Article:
Because I have been interested in what is shown on TV in different CSI shows, I took advantage of an opportunity recently to spend a few days with a crime scene investigator. In a word, what in on television is not at all a true reflection of what happens in the real world. Fiction requires that answers be found quickly, and often easily. Real crime scenes are fraught with too many hands touching what shouldn’t be touched, footprints where feet should not be walking, and even placing crime scene tape too close to the scene itself. While working with the investigator, I and my fellows learned how to pull fingerprints off both smooth and more difficult surfaces. Even my clean shoes provided an excellent example of how to lift a footprint from flooring, even when one did not see a footprint. We also learned why a crime scene investigator would never interview a suspect unless that person is first and foremost a detective who’s been secondarily trained to obtain evidence at the scene. Nor do most CSI’s carry guns.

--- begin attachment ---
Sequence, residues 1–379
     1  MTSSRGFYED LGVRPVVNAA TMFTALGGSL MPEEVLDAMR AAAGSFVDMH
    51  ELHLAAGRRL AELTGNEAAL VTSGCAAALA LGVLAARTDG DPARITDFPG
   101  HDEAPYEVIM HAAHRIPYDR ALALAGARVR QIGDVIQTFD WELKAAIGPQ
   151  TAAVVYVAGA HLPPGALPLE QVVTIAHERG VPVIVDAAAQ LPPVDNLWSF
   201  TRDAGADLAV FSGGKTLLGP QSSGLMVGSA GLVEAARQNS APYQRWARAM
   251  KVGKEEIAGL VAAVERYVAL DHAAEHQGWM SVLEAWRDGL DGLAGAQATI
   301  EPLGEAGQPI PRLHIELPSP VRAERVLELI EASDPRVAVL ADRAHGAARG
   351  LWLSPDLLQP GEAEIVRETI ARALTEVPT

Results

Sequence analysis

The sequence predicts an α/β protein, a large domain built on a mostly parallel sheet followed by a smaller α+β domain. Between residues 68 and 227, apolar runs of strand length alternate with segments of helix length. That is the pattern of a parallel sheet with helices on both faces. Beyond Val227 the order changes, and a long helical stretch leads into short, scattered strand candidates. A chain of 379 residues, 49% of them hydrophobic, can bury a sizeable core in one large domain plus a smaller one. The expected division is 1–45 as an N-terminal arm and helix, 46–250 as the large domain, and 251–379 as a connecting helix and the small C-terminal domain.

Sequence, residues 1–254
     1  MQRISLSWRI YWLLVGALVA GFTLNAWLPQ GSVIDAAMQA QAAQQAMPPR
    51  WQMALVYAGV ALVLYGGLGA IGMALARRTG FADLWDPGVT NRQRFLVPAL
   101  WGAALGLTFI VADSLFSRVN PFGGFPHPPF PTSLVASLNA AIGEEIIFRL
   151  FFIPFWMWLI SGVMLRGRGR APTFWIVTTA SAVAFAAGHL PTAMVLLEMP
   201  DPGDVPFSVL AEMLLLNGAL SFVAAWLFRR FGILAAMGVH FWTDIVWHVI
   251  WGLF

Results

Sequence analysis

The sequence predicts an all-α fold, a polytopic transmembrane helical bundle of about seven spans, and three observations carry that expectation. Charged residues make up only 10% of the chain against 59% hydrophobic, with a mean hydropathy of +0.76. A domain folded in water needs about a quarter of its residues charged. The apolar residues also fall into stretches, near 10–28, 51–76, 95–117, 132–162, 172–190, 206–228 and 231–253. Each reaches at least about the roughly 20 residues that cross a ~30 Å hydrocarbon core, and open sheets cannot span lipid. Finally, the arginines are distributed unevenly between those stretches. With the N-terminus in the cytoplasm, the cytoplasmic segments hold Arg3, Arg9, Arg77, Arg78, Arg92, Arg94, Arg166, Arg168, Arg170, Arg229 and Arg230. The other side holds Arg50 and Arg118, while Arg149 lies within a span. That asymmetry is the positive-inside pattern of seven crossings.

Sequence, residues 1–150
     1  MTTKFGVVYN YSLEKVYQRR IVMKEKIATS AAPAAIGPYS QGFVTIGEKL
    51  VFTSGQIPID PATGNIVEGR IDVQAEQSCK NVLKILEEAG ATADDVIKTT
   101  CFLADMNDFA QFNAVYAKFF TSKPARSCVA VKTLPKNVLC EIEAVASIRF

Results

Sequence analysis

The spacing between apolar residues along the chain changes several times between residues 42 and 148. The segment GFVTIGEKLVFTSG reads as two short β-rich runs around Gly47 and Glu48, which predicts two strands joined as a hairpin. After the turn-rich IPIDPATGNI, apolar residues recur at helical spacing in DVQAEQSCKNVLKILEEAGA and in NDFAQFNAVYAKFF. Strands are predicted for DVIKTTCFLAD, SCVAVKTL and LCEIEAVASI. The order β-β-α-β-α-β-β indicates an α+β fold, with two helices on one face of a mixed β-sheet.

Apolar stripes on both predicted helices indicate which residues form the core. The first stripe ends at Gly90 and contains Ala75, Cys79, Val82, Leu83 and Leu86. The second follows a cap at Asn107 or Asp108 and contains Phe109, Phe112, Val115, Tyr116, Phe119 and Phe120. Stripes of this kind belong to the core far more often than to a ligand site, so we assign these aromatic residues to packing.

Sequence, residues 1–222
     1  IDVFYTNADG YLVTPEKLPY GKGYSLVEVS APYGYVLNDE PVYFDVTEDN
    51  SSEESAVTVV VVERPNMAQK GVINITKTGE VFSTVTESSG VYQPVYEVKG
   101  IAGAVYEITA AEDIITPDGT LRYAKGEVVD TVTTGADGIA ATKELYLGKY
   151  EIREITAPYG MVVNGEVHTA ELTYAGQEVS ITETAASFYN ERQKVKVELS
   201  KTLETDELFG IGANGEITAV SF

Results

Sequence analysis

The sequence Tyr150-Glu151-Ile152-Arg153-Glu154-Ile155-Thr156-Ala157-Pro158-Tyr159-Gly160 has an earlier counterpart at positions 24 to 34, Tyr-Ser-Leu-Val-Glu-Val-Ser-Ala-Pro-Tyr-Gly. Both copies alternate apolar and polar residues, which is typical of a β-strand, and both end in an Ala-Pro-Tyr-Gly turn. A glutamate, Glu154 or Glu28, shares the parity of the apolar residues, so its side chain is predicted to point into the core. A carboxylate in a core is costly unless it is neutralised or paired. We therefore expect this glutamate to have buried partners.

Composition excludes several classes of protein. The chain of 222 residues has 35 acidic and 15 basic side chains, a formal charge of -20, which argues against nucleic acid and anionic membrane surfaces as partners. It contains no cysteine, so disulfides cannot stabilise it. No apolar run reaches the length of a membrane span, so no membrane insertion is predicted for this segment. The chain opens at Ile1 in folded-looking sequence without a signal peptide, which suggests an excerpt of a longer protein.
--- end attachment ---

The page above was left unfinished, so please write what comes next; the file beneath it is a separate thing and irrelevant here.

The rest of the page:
In spite of learning how fictional those TV shows really are, knowing the writers probably ignored the consultants’ recommendations (and maybe even their frowns when “the story arc” trumped reality) has not ruined my enjoyment of those shows. Instead, I now concentrate on other aspects of the story as I lose myself in the fantasy presented.